April 1 Around the World at Eighty years.

Written by Jack van Ommen on April 1st, 2017

This is not an April fool`s joke. Though it all started as a joke when I headed up my E-mail mast head with “Around the World before Eighty Years”. That was in 2005, when I was 68 year young punk. Then in December I realized I was not going to make my deadline and changed into “At 80 years”.

I am happy to inform you that the quest is over. Yesterday, March 31st,  I crossed the very same point on the 80th Longitude West in the Florida Strait where I sailed on exactly the same day in March 2009 on my way back from a winter`s cruise in the Caribbean. In 2007 I had sailed further east of the 80th Longitude West on my way from the South Atlantic via Brazil and Trinidad to the Chesapeake Bay. That same summer of 2009, I crossed the North Atlantic and spent four years in Europe and on the way back to complete my circumnavigation through the Panama Canal, I lost my first Fleetwood near Ibiza on November 16, 2013. Most of you know the details but some are new to the story. At that moment I thought my story had come to an end and I started writing “SoloMan”. But back for a visit to the North West I found a copy of Fleetwood at a very affordable price and decided to complete the circumnavigation, backwards.

I celebrated my 80th birthday on February 28 while sailing from Montego Bay, Jamaica to George Town, Grand Caymans. The plans to celebrate my birthday in San Diego went awry. Now we have a new plan. I will celebrate it right after Easter in Tacoma/Federal Way with my two oldest daughters and Jeannine will fly from Virginia and my two sons will come up from Portland and San Diego. Lisa and Jeannine have their birthdays on April 18 and 11 respectively.

My new plans: I plan to sail up the US Atlantic Coast and like to try one of the “Great Loop” routes into the Great Lakes and then come down to the Caribbean again via the Mississippi this late Fall. I need to do some maintenance and cosmetic upgrades to the boat and plan to do this in the same place where I did this in 2008 and 2009 in Green Cove Springs on the St. Johns River south of Jacksonville, Fl. then also hope to spend some time in the Portsmouth, Va. with Jeannine, David my grandson and my two great granddaughters. Time for some sailing lessons. I found a decent rate to leave Fleetwood on a mooring for a month in Vero Beach, a 100 miles north of here on the ICW. Where I hope to visit with dear friends I met in Green Cove Springs in 2008, Linda and Ron. And I expect to visit with Marlys and Greg Clark who are 35 miles up the ICW in West Palm Beach where their employer has his mega yacht in the yard for a short service. I arrived in Ft. Lauderdale also on April 1 in 2009 and spent several wonderful days with Marlys and Greg when Greg was in command of an other mega yacht. For my birthday they presentd me on April 1 with a brand new folding bike, since my previous bike was stolen on my birthday in Puerto Rico. The moorage rates here are outrages, $150 for a one night….. Then I plan fly to Seattle-Tacoma on/around the 10th. from Ft. Lauderdale, on a pass from Laura, my ex-wife.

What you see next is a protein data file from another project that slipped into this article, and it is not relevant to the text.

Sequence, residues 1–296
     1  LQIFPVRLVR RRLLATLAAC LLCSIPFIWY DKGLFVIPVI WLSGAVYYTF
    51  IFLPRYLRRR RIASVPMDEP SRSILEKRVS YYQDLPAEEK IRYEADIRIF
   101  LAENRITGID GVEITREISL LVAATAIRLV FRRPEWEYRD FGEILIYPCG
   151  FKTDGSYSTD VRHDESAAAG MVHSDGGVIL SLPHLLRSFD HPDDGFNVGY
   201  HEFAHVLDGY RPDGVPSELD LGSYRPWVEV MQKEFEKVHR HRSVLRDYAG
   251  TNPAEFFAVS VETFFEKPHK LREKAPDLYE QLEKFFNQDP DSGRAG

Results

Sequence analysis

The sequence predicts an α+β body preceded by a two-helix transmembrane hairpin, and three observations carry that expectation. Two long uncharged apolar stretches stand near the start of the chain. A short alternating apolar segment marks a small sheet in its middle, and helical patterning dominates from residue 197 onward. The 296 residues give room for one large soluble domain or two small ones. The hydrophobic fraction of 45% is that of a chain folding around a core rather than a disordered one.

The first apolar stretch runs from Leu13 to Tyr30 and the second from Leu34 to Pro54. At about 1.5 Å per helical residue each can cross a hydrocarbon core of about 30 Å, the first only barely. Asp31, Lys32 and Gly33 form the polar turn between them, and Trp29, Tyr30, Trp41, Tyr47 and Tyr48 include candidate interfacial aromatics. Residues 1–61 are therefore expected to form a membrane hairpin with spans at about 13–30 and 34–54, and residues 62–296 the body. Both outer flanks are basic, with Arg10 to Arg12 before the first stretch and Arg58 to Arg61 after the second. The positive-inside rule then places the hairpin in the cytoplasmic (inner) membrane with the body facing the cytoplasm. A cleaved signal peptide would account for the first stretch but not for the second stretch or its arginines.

I am available for presentations of my adventures and “SoloMan” and “The Mastmakers[ Daughters” book signing. My phone is back in business 253-441-7204.

Here is the continuation of my previous blog:March 30 Off Key West, Fl.
It has finally calmed down enough for me to keep the laptop on my knees, instead of bracing my self on a steep heel and constant pounding. I left Cayo Largo on Tuesday the 21st and arrived at Cabo San Antonio, the very most south west corner of Cuba on the 23rd. There was no internet there at all. I left there on Sunday afternoon, headed for Havana. Which ended up one of my worst sails ever. A strong wind on the nose. The biggest sail I could handle was the 90 percent and it is impossible to sail close enough to the wind, so, I was not going anywhere. More like going back and forth in the same place. The motor is of little use in these huge seas. While I was at Cabo San Antonio I could get the weather forecast from other sailors there. Anchoring out behind the reefs to sit out the worst of it was no option because I do trust the depth on the charts I have and I still would not have a forecast. It should have been a two night sail. Sunday was a decent sail and Tuesday during the day was o.k. but for the rest it was hobby horsing and constant sail changes. And a busy traffic lane. On Wednesday I abandoned the Havana destination. A big disappointment, but even if I could have eventually made it in, the time was running too short to get to SeaTac by the 10th of April for the family reunion and Easter.